Ljubljana Cathedral, also named St. Nicholas' Cathedral, was originally a Gothic church. In the early 18th century, it was replaced by a Baroque building. It is an easily recognizable landmark of the city with its green dome and twin towers and stands at Cyril and Methodius Square by the nearby Ljubljana Central Market and Town Hall.
The site was originally occupied by an aisled three-nave Romanesque church, the oldest mention of which dates from 1262. It was a succursal church of the ancient Parish of Saint Peter. An extensive fire in 1361 saw it refurbished in the Gothic style but underwent alterations when the Diocese of Ljubljana was established in 1461 and the church became a cathedral. However, in 1469 it was burnt down again. This time, it was suspected to be arson, presumably by the Turks.
In 1700 the Capuchin friar Florentianus Ponnensis from Milan or Bologna designed a new Baroque hall church. The following year, after the construction already started, the plan was revised and complemented by the Jesuit architect Andrea Pozzo who designed it as a basilica and added to it a dome. He did not supervise the realisation of his plan, so the buildings was significantly adapted by the builders, in particular by Francesco Bombassi of Venice. The two belfries, resembling of the Salzburg Cathedral, were added upon the plan by Lombard Giulio Quaglio.
The construction took place between 1701 and 1706. The first worship took place in the new building in August 1706, and the consecration took place on 8 May 1707. Originally, a fake dome was painted on the arch above the centre until the church's real dome was constructed in 1841.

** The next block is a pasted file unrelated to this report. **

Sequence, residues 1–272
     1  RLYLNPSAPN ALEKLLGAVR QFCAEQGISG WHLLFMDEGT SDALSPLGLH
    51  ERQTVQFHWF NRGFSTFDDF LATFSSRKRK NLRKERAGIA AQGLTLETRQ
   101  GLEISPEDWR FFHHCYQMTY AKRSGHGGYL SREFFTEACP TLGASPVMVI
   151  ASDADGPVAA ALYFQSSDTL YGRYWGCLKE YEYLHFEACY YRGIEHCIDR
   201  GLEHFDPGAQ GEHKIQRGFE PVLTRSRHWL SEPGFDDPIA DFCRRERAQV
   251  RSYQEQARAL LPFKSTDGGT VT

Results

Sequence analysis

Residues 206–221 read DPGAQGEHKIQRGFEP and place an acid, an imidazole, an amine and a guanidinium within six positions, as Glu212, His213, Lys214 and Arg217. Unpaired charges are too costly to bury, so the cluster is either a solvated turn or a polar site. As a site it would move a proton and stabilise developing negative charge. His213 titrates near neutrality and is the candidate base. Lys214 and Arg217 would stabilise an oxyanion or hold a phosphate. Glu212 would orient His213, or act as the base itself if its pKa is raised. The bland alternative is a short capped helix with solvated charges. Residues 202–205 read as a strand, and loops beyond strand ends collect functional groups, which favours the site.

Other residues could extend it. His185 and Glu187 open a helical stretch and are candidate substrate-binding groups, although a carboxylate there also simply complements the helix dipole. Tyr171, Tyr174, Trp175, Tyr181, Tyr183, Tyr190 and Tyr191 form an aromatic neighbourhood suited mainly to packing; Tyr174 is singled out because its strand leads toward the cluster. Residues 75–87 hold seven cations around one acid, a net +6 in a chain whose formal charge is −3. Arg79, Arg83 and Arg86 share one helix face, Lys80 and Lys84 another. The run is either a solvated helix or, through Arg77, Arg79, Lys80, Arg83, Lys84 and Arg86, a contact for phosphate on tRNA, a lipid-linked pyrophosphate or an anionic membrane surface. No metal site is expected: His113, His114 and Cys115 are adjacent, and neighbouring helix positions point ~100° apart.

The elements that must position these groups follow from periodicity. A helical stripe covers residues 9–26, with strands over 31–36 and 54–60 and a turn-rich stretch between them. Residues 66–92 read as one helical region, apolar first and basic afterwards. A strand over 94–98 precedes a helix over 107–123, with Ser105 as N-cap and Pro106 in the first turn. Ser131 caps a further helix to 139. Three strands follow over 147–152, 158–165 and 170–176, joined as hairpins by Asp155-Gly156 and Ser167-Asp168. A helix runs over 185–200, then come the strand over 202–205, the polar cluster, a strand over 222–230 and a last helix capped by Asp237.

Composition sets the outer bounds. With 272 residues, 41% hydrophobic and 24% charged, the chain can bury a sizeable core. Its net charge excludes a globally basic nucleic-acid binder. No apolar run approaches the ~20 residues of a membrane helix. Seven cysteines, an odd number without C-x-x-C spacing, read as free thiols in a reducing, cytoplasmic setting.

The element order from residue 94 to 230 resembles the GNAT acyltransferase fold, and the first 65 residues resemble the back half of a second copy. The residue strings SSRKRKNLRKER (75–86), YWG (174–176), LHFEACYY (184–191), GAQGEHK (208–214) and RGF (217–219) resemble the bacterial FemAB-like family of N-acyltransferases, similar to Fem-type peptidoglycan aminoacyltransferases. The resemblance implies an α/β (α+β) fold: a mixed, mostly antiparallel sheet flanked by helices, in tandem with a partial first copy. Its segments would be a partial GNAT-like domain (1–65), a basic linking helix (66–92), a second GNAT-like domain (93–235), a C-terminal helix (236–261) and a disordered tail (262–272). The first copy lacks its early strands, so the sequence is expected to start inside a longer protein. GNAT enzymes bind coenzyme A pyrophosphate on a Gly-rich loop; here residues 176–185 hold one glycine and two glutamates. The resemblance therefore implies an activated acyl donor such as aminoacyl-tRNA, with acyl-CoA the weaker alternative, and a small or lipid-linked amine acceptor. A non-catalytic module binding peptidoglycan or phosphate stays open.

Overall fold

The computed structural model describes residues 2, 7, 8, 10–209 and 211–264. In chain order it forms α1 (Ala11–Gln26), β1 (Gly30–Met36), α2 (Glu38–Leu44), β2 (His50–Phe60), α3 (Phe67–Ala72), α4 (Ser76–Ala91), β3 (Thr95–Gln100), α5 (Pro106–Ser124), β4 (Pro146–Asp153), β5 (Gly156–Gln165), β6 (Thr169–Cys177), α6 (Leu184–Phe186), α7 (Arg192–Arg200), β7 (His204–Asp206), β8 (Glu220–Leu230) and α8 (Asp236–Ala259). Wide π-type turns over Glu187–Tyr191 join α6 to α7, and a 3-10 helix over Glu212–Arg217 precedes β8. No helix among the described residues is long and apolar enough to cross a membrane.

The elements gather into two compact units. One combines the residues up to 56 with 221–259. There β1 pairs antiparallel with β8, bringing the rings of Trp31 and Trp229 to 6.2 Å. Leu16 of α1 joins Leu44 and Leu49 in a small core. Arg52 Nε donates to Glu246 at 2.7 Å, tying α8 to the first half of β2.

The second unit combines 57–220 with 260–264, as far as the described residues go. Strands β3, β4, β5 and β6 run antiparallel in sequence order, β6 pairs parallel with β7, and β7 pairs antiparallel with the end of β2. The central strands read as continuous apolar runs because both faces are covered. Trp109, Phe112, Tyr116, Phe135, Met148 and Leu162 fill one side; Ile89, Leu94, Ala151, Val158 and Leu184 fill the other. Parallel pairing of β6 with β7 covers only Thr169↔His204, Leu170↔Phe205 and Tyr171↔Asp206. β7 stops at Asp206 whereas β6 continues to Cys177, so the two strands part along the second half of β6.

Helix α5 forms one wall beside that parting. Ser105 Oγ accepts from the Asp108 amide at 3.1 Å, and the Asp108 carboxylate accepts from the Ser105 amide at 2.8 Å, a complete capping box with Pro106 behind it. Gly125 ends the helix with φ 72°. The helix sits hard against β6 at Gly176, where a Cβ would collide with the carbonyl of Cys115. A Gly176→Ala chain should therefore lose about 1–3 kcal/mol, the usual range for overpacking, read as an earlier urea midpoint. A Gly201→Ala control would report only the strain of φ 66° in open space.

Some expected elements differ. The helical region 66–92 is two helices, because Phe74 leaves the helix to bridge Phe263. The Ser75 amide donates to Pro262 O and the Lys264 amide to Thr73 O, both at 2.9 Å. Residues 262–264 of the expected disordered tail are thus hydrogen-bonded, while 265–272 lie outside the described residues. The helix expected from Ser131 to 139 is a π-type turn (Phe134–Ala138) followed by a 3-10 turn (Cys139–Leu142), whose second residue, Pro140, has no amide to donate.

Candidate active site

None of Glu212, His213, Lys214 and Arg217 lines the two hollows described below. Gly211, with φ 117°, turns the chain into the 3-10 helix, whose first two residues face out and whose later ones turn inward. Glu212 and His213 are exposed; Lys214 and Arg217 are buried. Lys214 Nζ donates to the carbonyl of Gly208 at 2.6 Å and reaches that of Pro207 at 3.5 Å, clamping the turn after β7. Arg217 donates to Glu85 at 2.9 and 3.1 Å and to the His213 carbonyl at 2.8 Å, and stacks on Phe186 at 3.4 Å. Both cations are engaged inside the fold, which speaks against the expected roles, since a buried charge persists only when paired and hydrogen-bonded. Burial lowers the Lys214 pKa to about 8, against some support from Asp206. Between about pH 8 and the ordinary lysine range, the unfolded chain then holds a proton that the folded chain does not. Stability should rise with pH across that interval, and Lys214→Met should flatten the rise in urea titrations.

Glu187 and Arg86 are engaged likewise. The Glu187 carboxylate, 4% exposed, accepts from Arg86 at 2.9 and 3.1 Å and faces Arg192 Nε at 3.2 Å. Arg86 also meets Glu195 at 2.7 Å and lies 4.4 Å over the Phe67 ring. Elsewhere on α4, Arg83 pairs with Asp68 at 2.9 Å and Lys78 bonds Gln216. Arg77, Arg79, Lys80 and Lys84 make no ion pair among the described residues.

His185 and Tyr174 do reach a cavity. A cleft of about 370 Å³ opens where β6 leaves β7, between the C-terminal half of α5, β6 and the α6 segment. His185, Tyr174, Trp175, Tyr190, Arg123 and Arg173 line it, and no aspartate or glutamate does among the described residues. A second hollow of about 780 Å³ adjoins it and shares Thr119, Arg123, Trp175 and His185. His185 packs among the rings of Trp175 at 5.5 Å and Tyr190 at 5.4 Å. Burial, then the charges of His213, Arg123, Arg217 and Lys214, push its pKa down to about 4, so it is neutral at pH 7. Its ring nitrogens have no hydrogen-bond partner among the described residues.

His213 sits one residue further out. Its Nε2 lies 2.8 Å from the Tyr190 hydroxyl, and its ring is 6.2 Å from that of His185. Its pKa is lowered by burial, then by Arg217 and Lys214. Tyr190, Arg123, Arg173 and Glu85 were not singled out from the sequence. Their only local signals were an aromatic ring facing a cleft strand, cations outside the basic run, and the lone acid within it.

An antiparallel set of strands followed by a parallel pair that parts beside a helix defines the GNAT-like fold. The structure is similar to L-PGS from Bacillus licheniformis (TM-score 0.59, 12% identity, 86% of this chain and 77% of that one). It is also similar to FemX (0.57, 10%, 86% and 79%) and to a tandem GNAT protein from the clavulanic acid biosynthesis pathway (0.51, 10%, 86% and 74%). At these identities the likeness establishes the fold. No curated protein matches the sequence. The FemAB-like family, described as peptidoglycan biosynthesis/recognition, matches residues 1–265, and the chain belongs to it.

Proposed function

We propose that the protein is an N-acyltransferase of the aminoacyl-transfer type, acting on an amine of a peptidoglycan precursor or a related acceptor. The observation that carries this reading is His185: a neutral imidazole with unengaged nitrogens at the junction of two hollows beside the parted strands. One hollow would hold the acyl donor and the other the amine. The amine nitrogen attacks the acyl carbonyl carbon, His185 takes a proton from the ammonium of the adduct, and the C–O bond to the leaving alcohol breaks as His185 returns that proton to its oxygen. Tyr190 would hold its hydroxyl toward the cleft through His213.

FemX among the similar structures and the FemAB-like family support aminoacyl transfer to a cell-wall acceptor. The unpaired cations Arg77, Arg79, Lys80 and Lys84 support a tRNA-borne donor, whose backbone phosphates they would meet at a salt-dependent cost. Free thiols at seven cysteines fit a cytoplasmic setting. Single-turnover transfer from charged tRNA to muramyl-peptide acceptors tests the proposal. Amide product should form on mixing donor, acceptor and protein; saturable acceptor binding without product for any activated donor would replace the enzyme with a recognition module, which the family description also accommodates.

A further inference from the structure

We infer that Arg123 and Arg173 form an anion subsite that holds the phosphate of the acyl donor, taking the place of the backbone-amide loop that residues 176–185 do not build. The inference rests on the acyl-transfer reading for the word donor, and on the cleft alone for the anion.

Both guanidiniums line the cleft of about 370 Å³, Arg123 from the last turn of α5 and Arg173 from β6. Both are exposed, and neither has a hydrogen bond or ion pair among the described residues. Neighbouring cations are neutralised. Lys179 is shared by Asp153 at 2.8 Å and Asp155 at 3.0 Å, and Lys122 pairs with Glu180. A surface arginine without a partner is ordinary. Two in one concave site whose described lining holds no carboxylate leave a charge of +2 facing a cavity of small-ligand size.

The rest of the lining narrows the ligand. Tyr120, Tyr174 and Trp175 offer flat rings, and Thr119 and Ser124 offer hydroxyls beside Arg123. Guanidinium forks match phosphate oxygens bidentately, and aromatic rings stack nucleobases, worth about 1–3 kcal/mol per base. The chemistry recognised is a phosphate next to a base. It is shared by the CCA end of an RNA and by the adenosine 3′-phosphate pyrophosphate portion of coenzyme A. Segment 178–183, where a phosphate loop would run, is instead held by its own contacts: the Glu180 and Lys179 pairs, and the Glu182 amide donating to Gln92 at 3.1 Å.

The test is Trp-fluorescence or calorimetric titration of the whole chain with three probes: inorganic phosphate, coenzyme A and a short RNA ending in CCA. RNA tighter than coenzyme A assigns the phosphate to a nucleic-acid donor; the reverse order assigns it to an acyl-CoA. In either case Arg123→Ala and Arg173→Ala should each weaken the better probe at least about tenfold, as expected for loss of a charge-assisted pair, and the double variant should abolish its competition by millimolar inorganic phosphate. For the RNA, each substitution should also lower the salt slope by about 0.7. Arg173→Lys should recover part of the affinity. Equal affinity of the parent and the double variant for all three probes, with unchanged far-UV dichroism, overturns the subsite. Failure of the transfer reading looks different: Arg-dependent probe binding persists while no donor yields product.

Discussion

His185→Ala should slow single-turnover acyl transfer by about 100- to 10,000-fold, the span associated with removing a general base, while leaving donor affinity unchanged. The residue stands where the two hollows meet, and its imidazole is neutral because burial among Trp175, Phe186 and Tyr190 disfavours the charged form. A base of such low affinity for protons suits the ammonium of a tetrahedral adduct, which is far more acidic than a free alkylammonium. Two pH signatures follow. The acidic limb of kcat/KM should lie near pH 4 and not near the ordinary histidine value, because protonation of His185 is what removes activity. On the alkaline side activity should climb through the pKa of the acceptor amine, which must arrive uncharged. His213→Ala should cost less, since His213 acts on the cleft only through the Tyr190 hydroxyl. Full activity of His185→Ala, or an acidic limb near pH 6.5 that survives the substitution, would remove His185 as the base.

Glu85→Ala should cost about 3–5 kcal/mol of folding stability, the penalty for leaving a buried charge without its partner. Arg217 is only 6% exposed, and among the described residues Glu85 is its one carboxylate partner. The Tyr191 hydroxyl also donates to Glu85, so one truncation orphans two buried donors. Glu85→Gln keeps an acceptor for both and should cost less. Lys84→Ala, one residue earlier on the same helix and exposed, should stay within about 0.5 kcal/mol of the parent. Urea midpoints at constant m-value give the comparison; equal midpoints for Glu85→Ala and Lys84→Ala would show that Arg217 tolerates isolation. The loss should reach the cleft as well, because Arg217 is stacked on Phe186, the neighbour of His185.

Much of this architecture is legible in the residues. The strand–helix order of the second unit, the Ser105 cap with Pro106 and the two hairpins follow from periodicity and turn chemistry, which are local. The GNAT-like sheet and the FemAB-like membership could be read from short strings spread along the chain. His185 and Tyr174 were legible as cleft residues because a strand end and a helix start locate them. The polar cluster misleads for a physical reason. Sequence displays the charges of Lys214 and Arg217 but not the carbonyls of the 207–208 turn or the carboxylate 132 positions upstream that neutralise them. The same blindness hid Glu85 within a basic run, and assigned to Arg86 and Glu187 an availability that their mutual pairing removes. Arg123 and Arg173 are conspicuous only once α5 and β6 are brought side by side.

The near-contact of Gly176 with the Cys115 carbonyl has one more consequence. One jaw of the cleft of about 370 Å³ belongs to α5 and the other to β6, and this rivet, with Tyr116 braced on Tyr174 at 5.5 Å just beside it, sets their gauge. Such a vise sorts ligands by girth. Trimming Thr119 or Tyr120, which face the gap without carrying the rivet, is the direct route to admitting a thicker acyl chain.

Inside much of the original Baroque decor remains with frescoes painted by Giulio Quaglio between 1703–1706 and later 1721–1723. Other notable decorations in the cathedral include the altar angels by the brothers Paolo and Giuseppe Groppelli on the right part of the nave (1711) and by Francesco Robba on the left (1745–1750). Angelo Putti was assigned to much of the artwork, with his painting of Thalnitscher (1715) and the statues of the four bishops of Emona seated under the dome beam (1712–1713). The dome was painted by Matevž Langus in 1843–44. The fresco in the cupola depicts the Holy Spirit and angels, whereas the frescos on the walls of the dome depict the coronation of the Virgin and the glorification of Saint Nicholas, surrounded by angels and saints. In the 1950s, the architect Jože Plečnik made plans for new church furnishings.References:
The Broch of Gurness is an Iron Age broch village. Settlement here began sometime between 500 and 200 BC. At the centre of the settlement is a stone tower or broch, which once probably reached a height of around 10 metres. Its interior is divided into sections by upright slabs. The tower features two skins of drystone walls, with stone-floored galleries in between. These are accessed by steps. Stone ledges suggest that there was once an upper storey with a timber floor. The roof would have been thatched, surrounded by a wall walk linked by stairs to the ground floor. The broch features two hearths and a subterranean stone cistern with steps leading down into it. It is thought to have some religious significance, relating to an Iron Age cult of the underground.
The remains of the central tower are up to 3.6 metres high, and the stone walls are up to 4.1 metres thick.